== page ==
Contributions to the Yearbook of the Max Planck Society

Contributions to the Yearbook of the Max Planck Society

2018

  • Light-induced superconductivity: footballs carry an electrical current without resistance

    2018 Först, Michael; Nicoletti, Daniele; Cavalleri, Andrea
    Superconductors at very low temperatures show the remarkable property of being able to conduct electrical current without any resistance. However, the use of these materials in everyday life applications is severely limited by the need for cooling to at least minus 70 degrees Celsius. In carbon-based molecules, irradiation with intense mid-infrared laser light has now enabled to induce a short-lived transient superconducting state at higher temperatures. The knowledge gained might help in the development of materials that become superconducting at significantly higher temperatures.

2017

  • How light changes matter: from a laser to a few photons

    2017 Ruggenthaler, Michael; Hübener, Hannes; Sentef, Michael A.; Appel, Heiko; Rubio, Angel
    The properties of matter, e.g., the conductivity, can be tailored with light. This can be done with a lot of photons that are part of a laser beam, or in certain cases only a few photons are enough. In the theory department of the Max Planck Institute for the Structure and Dynamics of Matter in Hamburg, researchers use both extreme cases to investigate novel states of matter: a laser allows theoretically generating hitherto unobserved states of matter and via a few photons chemical reactions can be altered.
  • Light-induced superconductivity: footballs carry an electrical current without resistance

    2017 Först, Michael; Nicoletti, Daniele; Cavalleri, Andrea
    Superconductors at very low temperatures show the remarkable property of being able to conduct electrical current without any resistance. However, the use of these materials in everyday life applications is severely limited by the need for cooling to at least minus 70 degrees Celsius. In carbon-based molecules, irradiation with intense mid-infrared laser light has now enabled to induce a short-lived transient superconducting state at higher temperatures. The knowledge gained might help in the development of materials that become superconducting at significantly higher temperatures.

2016

  • Molecular movie from Hamburg

    2016 Hayes, Stuart; Manz, Stephanie; Bücker, Robert; Kassier, Günther; Miller, R.J. Dwayne.
    Many processes in the chemistry of life take place on ultrashort length and time scales. Their observation thus lies beyond the capabilities of optical microscopes. The investigation of such processes using novel electron sources in many cases presents a cost-saving alternative to X-ray studies using synchrotron radiation sources and free-electron lasers. Also the development of methods for the preparation of liquid samples is essential for the study of many organic materials.
  • How light changes matter: from a laser to a few photons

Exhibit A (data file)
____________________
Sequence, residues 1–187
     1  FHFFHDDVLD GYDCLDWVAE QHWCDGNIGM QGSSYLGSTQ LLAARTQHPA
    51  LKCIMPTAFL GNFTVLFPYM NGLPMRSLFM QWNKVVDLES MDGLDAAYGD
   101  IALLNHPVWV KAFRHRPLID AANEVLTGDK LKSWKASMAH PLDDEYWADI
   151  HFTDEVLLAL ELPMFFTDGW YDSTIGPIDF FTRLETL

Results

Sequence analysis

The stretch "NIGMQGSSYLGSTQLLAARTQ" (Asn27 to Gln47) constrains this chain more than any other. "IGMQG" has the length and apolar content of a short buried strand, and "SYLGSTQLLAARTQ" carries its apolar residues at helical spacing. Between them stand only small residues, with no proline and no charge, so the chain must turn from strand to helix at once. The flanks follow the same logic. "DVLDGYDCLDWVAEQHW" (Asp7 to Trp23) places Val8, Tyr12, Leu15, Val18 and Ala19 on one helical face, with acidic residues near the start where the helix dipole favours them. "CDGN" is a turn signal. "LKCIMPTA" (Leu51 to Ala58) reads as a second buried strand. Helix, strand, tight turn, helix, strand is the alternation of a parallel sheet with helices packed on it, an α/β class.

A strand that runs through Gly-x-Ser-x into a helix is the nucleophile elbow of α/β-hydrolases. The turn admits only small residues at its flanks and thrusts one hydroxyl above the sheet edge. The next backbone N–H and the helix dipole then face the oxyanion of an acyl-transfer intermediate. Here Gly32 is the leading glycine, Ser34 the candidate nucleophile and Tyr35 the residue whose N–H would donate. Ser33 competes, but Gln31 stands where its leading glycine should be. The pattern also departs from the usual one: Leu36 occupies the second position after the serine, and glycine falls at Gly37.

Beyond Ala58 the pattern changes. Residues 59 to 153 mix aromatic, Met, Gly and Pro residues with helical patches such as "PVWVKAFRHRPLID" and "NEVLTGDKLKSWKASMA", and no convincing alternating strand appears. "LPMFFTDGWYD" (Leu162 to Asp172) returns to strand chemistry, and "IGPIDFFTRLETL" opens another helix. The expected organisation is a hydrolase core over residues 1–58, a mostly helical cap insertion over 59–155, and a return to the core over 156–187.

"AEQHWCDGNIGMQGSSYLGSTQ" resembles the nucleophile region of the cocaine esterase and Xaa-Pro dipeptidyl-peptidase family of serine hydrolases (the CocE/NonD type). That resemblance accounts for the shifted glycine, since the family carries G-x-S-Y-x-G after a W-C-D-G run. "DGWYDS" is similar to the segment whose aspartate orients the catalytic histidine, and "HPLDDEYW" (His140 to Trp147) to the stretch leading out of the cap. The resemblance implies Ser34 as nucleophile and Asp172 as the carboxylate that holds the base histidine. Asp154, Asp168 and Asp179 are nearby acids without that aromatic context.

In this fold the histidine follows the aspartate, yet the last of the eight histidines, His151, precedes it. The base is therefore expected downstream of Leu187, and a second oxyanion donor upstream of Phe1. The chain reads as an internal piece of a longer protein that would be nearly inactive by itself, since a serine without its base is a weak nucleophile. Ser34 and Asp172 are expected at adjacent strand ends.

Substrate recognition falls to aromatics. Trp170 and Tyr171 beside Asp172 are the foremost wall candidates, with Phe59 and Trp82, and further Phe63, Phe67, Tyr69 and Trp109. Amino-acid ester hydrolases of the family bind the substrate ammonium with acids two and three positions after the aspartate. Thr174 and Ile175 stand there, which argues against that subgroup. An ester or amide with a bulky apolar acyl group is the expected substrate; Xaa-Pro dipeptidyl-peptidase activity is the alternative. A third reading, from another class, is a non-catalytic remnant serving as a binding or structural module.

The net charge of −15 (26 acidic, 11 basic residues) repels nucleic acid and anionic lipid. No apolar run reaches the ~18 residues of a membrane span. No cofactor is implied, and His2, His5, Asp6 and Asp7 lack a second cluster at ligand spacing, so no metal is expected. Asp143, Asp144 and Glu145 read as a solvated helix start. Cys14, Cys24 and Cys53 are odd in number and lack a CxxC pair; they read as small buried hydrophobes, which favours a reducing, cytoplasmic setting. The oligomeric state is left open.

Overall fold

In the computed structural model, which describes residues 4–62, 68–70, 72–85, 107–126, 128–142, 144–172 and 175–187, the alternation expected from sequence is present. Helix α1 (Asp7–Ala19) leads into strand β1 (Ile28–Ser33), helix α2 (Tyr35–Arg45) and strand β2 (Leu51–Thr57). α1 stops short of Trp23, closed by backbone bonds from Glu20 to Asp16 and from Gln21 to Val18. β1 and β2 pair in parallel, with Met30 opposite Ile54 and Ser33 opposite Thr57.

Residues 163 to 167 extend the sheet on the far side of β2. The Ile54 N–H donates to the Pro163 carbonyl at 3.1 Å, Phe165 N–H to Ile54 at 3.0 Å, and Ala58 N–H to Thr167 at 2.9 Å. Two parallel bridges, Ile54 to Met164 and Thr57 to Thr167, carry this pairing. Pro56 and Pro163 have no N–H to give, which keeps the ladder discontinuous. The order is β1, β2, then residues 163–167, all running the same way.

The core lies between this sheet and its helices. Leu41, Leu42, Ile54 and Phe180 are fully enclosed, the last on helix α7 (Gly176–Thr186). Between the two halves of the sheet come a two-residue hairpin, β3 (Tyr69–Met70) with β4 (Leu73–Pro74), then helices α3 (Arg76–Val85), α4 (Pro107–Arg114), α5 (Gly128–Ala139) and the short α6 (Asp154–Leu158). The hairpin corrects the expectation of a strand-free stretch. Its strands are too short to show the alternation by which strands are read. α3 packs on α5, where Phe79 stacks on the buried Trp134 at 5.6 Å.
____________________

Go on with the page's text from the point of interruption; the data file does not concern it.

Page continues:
2016 Ruggenthaler, Michael; Hübener, Hannes; Sentef, Michael A.; Appel, Heiko; Rubio, Angel
    The properties of matter, e.g., the conductivity, can be tailored with light. This can be done with a lot of photons that are part of a laser beam, or in certain cases only a few photons are enough. In the theory department of the Max Planck Institute for the Structure and Dynamics of Matter in Hamburg, researchers use both extreme cases to investigate novel states of matter: a laser allows theoretically generating hitherto unobserved states of matter and via a few photons chemical reactions can be altered.

2015

  • Superconductivity at room temperature: A dream becomes reality for a split second

    2015 Först, M.; Mankowsky, R.; Kaiser, S.; Hu, W.; Cavalleri, A.

    Superconductors carry an electric current without resistance only at low temperatures. Now, for the first time, scientists have turned a ceramic crystal into a superconductor even at room temperature, using an ultrashort mid-infrared flash of light. The superconducting state survived only for a couple of picoseconds (millionth of a microsecond), and the researchers found that this light-induced state is based on certain distortions of the material’s crystal lattice. These findings may aid the quest for higher temperature superconductors and pave the way for novel applications.

  • Molecular movie from Hamburg

    2015 Hayes, Stuart; Manz, Stephanie; Bücker, Robert; Kassier, Günther; Miller, R.J. Dwayne.
    Many processes in the chemistry of life take place on ultrashort length and time scales. Their observation thus lies beyond the capabilities of optical microscopes. The investigation of such processes using novel electron sources in many cases presents a cost-saving alternative to X-ray studies using synchrotron radiation sources and free-electron lasers. Also the development of methods for the preparation of liquid samples is essential for the study of many organic materials.

2014

  • Superconductivity at room temperature: A dream becomes reality for a split second

    2014 Först, M.; Mankowsky, R.; Kaiser, S.; Hu, W.; Cavalleri, A.

    Superconductors carry an electric current without resistance only at low temperatures. Now, for the first time, scientists have turned a ceramic crystal into a superconductor even at room temperature, using an ultrashort mid-infrared flash of light. The superconducting state survived only for a couple of picoseconds (millionth of a microsecond), and the researchers found that this light-induced state is based on certain distortions of the material’s crystal lattice. These findings may aid the quest for higher temperature superconductors and pave the way for novel applications.

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